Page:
In several editions beginning in 1605, Banchieri published a series of organ works entitled l'Organo suonarino. Banchieri's last publication was the Trattenimenti da villa of 1630. According to Martha Farahat he wrote five madrigal comedies between 1598 and 1628 with "plot and character development", starting with La pazzia senile of 1598, the last of them La saviezza giovenile. Primo libro di Madrigali a 5 voci 6 Libri di canzonette a 3 voci I Libro: Hora prima di ricreazione II Libro: La pazzia senile. Ragionamenti vaghi et dilettevoli III Libro: Il studio dilettevole a 3 voci, nuovamente con vaghi argomenti et spassevoli intermedii fiorito nell'Amfiparnasso commedia musicale dell'Honoratio Vecchi IV Libro: Il Metamorfosi musicale V Libro: Virtuoso ridotto tra signori e dame entr' il quale si concentra recitabilmente in suoni e canti una nuova commedia detta prudenza giovanile... Op.15. Vaga et curiosa concatenatione drammatica In 2008, a group of four composers including Lorenzo Ferrero and Bryan Johanson wrote a collaborative composition for organ and orchestra entitled Variazioni su un tema di Banchieri, first performed in Bologna on August 2 of that same year.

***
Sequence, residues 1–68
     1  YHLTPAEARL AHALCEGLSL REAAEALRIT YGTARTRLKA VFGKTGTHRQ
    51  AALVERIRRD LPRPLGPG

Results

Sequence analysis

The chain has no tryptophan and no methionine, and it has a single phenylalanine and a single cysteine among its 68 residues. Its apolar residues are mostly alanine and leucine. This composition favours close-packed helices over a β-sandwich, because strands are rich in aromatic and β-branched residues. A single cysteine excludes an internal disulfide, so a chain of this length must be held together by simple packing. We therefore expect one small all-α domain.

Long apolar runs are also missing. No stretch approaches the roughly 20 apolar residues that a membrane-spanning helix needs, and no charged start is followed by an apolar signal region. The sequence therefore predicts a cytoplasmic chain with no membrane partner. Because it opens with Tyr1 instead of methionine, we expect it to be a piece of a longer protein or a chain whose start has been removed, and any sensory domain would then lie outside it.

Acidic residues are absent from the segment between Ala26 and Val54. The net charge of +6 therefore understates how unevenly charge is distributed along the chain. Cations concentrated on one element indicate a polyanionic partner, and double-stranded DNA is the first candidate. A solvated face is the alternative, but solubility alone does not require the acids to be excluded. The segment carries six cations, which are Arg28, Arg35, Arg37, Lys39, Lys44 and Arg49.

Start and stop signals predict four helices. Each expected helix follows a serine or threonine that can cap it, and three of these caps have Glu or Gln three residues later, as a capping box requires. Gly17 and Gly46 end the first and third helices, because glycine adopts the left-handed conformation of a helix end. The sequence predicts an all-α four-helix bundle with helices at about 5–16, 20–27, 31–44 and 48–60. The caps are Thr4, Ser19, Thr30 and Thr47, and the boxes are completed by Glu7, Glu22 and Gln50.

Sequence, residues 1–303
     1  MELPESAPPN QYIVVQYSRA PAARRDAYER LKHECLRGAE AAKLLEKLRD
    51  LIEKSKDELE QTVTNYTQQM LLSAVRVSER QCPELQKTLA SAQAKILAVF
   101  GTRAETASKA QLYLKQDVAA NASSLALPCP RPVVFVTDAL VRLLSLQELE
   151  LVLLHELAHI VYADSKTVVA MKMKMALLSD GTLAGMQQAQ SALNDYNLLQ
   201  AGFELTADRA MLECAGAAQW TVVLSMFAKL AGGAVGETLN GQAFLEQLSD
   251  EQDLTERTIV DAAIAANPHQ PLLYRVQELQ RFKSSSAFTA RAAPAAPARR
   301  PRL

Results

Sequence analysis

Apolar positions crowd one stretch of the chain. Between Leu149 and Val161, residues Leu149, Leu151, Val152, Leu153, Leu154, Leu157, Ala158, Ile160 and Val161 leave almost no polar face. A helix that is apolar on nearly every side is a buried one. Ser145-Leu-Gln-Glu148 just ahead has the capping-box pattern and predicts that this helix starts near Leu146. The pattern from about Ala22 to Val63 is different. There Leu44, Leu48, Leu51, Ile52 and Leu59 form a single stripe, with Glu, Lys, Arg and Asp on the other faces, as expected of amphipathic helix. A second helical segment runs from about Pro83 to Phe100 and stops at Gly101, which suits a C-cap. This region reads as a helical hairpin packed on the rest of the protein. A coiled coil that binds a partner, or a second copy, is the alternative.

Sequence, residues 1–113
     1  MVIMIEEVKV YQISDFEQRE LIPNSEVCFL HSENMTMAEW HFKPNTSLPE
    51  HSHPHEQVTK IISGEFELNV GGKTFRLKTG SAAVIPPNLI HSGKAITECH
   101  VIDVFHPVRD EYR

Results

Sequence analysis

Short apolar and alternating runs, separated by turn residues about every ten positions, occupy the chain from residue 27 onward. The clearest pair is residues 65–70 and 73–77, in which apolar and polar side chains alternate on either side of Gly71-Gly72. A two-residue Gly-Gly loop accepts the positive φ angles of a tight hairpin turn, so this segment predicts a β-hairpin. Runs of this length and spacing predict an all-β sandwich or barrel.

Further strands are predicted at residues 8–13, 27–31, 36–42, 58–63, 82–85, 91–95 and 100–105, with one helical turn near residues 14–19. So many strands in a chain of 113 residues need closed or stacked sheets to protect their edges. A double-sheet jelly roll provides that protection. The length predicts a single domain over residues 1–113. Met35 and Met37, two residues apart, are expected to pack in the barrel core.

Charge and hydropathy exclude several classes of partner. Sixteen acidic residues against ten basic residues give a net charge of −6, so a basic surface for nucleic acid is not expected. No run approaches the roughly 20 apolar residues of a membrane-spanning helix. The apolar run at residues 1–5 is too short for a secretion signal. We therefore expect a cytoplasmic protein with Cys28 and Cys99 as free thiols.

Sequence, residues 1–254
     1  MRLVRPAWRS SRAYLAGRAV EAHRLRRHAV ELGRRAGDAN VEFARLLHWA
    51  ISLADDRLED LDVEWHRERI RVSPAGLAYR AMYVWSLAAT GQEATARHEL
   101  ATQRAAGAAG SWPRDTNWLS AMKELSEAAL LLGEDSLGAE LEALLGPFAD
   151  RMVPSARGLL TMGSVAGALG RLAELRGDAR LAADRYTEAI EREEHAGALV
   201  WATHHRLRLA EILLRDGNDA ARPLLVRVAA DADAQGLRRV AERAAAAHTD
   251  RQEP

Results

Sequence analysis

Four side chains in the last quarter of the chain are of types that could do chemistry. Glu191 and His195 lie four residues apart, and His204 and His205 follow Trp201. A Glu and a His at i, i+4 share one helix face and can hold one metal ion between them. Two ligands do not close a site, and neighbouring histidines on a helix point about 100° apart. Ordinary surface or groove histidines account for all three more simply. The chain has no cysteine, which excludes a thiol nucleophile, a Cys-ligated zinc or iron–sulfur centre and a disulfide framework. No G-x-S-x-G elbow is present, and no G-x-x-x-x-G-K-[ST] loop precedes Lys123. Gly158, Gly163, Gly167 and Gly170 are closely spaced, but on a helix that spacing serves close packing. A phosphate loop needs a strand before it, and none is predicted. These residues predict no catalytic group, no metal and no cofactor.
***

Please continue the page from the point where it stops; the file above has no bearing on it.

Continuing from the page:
Cinzia Zotti, Le Sourire du moine: Adriano Banchieri da Bologna. Adriano Banchieri, biographie de CInzia Zotti.www.noblessedelasne.org Free scores by Adriano Banchieri in the Choral Public Domain Library Free scores by Adriano Banchieri at the International Music Score Library Project The Mutopia Project has compositions by Adriano Banchieri Contraponto bestiale alla mente Original texts of Bertoldino and Caccasenno